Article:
13. 13. Vehicle Registration Fee Overview • Current proposal: $30 annual fee per vehicle; $17 for motorcycles – Works out to $2.50 per month • State law would exempt: – – – – – – Farm vehicles Antique vehicles Campers & travel trailers Trucks weighing over 26,000 lbs. Publicly owned vehicles Vehicles owned by disabled veterans • 60% to County and 40% to cities
    14. 14. Vehicle Registration Fee Overview • At $30 per year, a local vehicle registration fee would: – Generate about $12.6 million per year – Would bring County roads up to standard and keep them there for 15 to 20 years – Help cities maintain and improve their roadways – Some traffic signals could be updated to help move traffic more efficiently • Most importantly, funds would pay for road maintenance now, avoiding more expensive repairs later
    15. 15. Next Steps/Questions • Public hearing June 3, 2014 • Additional public outreach until then • More information at: www.co.washington.or.us/vrf
    16. 16. 10-year Plan to End Homelessness
    17. 17. 10-year Plan to End Homelessness Goals for ending homelessness: l • Prevent people from becoming homeless • Move people into housing • Link people to services and remove barriers • Increase income and economic opportunities • Expand data collection l • Implement public education on homelessness
    18. 18. 10-year Plan to End Homelessness Point-In-Time Homeless Census 1600 1383 1400 # of People 1200 1243 1000 800 1374 1352 1153 Homeless 950 752 748 Literally Homeless 751 Chronic Homeless 600 432 400 200 182 145 189 160 0 2009 2010 2011 2012 77 2013 At mid-point of the 10-Year Plan implementation: • • • • • 58% decrease in chronic homeless people 42% decrease in literally homeless people 12% decrease in people fleeing or attempting to flee domestic violence 15% increase in student homelessness 116% increase in homeless veterans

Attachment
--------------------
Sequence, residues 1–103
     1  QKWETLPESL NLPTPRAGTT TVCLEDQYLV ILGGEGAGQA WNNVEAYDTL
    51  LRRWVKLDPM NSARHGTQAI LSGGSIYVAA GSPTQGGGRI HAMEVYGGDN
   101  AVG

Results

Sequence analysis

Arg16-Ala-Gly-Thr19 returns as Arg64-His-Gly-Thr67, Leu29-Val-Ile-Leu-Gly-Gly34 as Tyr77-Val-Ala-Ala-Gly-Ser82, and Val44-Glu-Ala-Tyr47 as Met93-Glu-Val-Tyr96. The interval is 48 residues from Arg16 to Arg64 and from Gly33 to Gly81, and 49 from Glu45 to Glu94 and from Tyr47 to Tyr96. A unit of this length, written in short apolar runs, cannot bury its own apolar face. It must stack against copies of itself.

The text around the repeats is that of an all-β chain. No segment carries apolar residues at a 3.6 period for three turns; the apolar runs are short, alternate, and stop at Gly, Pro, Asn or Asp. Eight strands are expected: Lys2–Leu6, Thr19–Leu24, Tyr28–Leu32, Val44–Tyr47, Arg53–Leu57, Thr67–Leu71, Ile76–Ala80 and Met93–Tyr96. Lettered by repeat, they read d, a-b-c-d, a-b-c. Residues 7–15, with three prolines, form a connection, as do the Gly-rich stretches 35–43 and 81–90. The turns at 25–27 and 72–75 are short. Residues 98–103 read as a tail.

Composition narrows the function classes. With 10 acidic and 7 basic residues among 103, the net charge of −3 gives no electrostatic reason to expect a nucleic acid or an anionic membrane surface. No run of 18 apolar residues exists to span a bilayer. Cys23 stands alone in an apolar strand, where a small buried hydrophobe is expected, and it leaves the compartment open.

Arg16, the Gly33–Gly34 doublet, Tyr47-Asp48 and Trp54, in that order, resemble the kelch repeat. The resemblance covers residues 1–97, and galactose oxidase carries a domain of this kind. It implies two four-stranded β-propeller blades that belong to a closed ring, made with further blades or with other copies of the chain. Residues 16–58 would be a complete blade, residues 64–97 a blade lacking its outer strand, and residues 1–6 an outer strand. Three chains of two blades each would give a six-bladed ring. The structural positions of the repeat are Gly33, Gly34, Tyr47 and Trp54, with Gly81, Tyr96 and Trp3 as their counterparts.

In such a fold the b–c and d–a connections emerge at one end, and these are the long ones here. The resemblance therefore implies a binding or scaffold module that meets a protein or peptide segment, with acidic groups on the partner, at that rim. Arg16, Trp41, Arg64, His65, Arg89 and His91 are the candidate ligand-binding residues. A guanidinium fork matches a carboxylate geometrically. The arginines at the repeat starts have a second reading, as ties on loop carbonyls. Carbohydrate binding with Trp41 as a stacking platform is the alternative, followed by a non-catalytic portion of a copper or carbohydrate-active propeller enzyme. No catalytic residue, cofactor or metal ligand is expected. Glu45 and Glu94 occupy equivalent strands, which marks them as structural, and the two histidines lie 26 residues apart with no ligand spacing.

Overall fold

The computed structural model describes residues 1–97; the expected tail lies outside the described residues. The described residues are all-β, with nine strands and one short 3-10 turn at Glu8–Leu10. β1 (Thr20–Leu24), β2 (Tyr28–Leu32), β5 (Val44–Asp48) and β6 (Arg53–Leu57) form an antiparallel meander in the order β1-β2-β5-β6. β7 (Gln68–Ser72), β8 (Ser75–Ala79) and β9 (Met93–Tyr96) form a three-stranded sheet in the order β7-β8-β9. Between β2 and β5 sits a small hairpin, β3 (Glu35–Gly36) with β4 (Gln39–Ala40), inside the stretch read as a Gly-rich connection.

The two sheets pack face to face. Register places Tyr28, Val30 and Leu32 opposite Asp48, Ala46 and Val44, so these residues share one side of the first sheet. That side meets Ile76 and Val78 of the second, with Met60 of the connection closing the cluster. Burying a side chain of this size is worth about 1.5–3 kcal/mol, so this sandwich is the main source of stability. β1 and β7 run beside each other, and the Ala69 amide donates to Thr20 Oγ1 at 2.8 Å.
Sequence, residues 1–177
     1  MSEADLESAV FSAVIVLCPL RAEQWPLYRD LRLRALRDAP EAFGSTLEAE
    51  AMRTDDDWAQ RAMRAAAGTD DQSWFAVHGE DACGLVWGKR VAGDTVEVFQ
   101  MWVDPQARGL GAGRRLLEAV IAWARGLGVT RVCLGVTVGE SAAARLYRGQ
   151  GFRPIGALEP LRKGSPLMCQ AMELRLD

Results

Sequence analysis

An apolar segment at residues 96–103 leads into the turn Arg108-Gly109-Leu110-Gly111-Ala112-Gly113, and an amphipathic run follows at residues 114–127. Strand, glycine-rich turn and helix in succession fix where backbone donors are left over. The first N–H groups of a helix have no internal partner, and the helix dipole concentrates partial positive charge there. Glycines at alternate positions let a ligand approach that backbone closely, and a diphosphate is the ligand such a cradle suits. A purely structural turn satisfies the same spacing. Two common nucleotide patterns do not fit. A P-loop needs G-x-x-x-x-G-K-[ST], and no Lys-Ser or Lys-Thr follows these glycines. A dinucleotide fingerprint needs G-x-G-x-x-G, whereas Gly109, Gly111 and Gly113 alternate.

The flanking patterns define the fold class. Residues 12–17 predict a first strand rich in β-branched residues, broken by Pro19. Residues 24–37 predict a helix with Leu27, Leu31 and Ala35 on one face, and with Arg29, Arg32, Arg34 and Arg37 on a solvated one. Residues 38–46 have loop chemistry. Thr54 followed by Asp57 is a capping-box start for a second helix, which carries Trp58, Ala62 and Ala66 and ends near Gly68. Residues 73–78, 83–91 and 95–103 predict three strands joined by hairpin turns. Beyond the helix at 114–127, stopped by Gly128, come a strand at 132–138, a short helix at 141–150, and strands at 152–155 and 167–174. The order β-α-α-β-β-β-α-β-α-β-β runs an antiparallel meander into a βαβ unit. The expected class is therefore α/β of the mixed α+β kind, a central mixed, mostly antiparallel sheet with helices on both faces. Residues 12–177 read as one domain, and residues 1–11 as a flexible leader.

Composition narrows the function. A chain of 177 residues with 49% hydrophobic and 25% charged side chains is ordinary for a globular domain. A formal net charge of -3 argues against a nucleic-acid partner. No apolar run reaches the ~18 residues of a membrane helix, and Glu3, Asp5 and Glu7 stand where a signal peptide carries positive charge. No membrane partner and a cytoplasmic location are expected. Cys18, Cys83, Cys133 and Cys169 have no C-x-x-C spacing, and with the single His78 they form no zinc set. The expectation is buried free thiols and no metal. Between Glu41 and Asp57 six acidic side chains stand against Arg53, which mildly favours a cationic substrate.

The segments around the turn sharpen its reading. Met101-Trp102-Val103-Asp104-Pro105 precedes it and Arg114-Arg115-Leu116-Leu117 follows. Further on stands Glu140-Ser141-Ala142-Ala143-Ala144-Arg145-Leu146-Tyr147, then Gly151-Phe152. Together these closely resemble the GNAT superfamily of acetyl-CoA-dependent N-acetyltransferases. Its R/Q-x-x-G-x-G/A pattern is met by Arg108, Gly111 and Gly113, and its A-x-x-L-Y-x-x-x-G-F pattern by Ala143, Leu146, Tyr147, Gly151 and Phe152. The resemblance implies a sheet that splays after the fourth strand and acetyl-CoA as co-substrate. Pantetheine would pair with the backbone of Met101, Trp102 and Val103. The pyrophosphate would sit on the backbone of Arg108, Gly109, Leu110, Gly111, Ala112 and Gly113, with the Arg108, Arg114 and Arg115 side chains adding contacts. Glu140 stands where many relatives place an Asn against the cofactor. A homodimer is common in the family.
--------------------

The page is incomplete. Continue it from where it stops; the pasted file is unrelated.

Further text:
19. 19. Causes of Homelessness Top 12 Catalysts to Homelessness Top 5 Causes 2013 48% Rent Burdened Benchmark (2007) 41% Unemployed Rent Burden Unemployed 21% Kicked out by Family/Friend Kicked Out by Family/Friends Drugs/Alcohol (Self) 19% Drug/Alcohol Addiction Criminal History 16% Criminal History Eviction Domestic Violence Mental/Emotional Disorder Other Increase in homeless as a result of: Drugs/Alcohol (In Home) • Kicked Out by Family/Friends By Choice Poor Rental History 0 50 100 150 200 250 Household 300 350 400 450 • Mental/Emotional Disorder
    20. 20. System Capacity Homeless Housing Inventory 900 800 739 700 Beds 600 605 796 624 Total Bed Inventory Permanent Supportive Housing 510 500 410 400 300 329 100 0 350 260 200 138 102 10 1/28/2009 434 166 102 98 10 10 1/27/2010 1/26/2011 Rapid Re-housing Emergency Shelter Safe Haven 221 164 Transitional Housing 98 10 1/25/2012 142 114 96 10 1/30/2013 796 beds served 1,626 people in a portfolio of homeless programs  New Rapid Re-housing (permanent) provides diversion from the shelter system  Permanent Supportive Housing prioritized for persons with disabling conditions  Beds will be aligned in new single-point entry assessment system
    21. 21. Moving Forward • Keep people in their housing! 62% of the homeless population is living doubled-up and experiencing barriers to rental housing in this landlord market with <3% vacancy rate. – Prioritize the need for emergency prevention resources; e.g. one-month rent assistance and utility assistance. – Develop affordable housing and create greater access to market rate housing. • Move people to permanent housing. – Re-program funds to deploy more Rapid Re-Housing that diverts people from the homeless system. Expand this cost effective national best practice that minimizes family crisis. • Align systems of care. – Link people to housing, services and affordable health care opportunities through a countywide single-point entry assessment system at Community Action. – Scheduled for implementation in 2014. • Data-driven planning. – Research risk factors leading to housing instability, and develop strategies to address socioeconomic elements; e.g. poverty, insufficient education, underemployment, and lack of job skills.
    22. 22. Questions? www.co.washington.or.us www.twitter.com/WashcoOregon www.facebook.com/WashcoOregon